After this Court's decision denying their motion for a preliminary injunction, plaintiffs filed a Second Amended Complaint ("Complaint"). Plaintiffs contend that the City's ordinances and actions violated: (1) their right under local law to obtain a City permit to erect and maintain tents on Stewart Mall (doc. # 48: Compl., Count I); (2) the First Amendment's guarantee of free speech and assembly (Id., Count II); (3) the Eighth Amendment's prohibition against cruel and unusual punishment (Id., Count III); (4) the Fourth Amendment's prohibition against illegal seizure (Id., Count IV); (5) the Fifth Amendment's prohibition against taking private property without just compensation (Id., Count V); and (6) the Illinois Homeless Act (Id., Count VI).

         Defendants have filed a motion to dismiss Counts II through VI of the Complaint under Federal Rule of Civil Procedure 12(b)(1) on the ground that plaintiffs lack standing to assert their claims, and under Rule 12(b)(6) for failure to state a claim upon which relief can be granted (doc. # 56: Defs.' Mot. to Dismiss). The motion is now fully briefed. For the reasons that follow, we grant defendants' motion to dismiss. We find that neither plaintiff has standing to assert the claims in Counts III through VI, and we dismiss those claims under Rule 12(b)(1) for lack of subject-matter jurisdiction. Plaintiffs have standing to assert the claim in Count II, but the Court grants defendants' motion to dismiss Count II under Rule 12(b)(6). As there is no federal claim remaining in the case, we relinquish jurisdiction over the local law claim in Count I pursuant to 28 U.S.C. § 1367(c).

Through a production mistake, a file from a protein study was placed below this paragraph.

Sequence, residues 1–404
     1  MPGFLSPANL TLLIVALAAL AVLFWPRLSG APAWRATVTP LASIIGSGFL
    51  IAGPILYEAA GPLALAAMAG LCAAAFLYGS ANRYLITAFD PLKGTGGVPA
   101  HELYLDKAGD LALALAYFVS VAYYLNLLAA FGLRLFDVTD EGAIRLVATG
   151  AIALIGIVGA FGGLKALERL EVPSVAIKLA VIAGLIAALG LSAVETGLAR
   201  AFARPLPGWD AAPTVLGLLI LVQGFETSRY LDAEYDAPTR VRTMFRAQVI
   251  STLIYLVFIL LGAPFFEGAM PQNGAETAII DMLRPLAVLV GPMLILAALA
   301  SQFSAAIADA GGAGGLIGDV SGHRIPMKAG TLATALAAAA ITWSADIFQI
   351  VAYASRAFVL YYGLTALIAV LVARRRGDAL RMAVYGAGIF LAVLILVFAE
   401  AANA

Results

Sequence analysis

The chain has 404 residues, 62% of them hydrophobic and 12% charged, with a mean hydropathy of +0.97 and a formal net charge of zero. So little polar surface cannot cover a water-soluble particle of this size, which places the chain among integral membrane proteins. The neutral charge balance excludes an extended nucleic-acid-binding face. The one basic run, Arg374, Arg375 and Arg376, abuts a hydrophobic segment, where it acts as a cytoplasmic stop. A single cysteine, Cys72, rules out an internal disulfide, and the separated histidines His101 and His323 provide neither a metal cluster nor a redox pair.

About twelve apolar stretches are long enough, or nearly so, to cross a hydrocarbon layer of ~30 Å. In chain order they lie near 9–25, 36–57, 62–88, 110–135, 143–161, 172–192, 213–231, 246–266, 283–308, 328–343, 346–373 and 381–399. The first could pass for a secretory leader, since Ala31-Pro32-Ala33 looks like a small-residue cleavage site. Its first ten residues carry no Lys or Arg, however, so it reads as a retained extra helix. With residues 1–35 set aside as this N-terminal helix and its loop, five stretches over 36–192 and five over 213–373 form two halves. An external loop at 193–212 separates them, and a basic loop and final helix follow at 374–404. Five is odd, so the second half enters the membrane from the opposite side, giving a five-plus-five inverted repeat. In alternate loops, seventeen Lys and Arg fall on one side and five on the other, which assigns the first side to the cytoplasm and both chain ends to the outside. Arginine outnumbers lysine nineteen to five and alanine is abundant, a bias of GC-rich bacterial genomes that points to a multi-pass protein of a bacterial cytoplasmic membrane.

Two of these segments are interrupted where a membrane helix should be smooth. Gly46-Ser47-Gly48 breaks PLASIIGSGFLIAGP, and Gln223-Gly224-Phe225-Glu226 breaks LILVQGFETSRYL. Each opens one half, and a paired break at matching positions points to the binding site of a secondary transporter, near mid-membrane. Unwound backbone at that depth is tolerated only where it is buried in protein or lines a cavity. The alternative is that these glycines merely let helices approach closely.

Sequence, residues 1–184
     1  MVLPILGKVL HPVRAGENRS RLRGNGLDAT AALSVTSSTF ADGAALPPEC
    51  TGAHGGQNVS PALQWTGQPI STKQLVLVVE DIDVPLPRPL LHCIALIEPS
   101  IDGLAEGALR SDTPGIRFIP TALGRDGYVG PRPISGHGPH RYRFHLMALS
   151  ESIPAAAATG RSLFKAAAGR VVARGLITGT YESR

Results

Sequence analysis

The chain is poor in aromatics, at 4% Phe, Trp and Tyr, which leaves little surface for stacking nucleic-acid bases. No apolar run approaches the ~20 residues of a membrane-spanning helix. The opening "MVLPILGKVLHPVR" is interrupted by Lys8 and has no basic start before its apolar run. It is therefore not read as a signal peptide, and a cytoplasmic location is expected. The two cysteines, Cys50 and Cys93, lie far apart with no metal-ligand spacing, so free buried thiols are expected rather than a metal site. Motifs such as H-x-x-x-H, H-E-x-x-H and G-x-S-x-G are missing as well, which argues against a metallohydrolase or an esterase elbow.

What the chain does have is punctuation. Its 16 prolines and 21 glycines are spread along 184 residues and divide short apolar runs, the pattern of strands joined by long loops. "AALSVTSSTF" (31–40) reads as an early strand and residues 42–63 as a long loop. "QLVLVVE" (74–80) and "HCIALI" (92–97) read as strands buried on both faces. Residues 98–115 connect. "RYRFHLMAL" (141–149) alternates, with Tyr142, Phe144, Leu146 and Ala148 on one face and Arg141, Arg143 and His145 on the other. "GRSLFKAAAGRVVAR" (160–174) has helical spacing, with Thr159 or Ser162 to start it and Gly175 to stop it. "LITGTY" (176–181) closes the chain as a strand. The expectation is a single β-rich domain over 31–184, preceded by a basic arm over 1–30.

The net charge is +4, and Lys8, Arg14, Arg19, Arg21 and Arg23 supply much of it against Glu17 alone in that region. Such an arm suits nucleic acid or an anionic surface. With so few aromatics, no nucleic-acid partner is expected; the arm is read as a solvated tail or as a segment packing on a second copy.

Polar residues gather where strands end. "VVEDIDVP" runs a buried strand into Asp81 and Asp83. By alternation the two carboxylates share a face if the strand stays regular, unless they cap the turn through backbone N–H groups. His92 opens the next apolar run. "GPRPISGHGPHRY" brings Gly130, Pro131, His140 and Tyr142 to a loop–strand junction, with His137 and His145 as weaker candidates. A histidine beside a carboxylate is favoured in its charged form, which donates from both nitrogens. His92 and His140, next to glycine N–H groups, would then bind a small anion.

Before addressing any challenge to plaintiffs' complaint for failure to state a claim, the Court must answer "the threshold question" of whether plaintiffs have standing to bring the claims they assert. Taylor v. McCament, 875 F.3d 849, 855 (7th Cir. 2017). Standing is '"an essential and unchanging part of the case-or-controversy requirement of Article III.'" Swanigan v. City of Chicago, 881 F.3d 577, 583 (7th Cir. 2018) (quoting Lujan v. Defenders of Wildlife, 504 U.S. 555, 560 (1992); U.S. CONST, art. Ill, § 2, cl. 1). "Standing has three elements: 'The plaintiff must have (1) suffered an injury in fact, (2) that is fairly traceable to the challenged conduct of the defendant, and (3) that is likely to be redressed by a favorable judicial decision.'" Matushkina v. Nielsen, 877 F.3d 289, 292-93 (7th Cir. 2017) (quoting Spokeo, Inc. v. Robins, ___ U.S. __, 136 S.Ct. 1540, 1547 (2016)). "When there are multiple plaintiffs[, a]t least one plaintiff must have standing to seek each form of relief requested in the complaint." Town of Chester, N. Y. v. Laroe Estates, Inc., ___ U.S. __, 137 S. Ct. 1645, 1651 (2017). Challenges to standing are appropriately addressed by a motion to dismiss under Rule 12(b)(1) for lack of subject-matter jurisdiction. Swanigan, 881 F.3d at 582.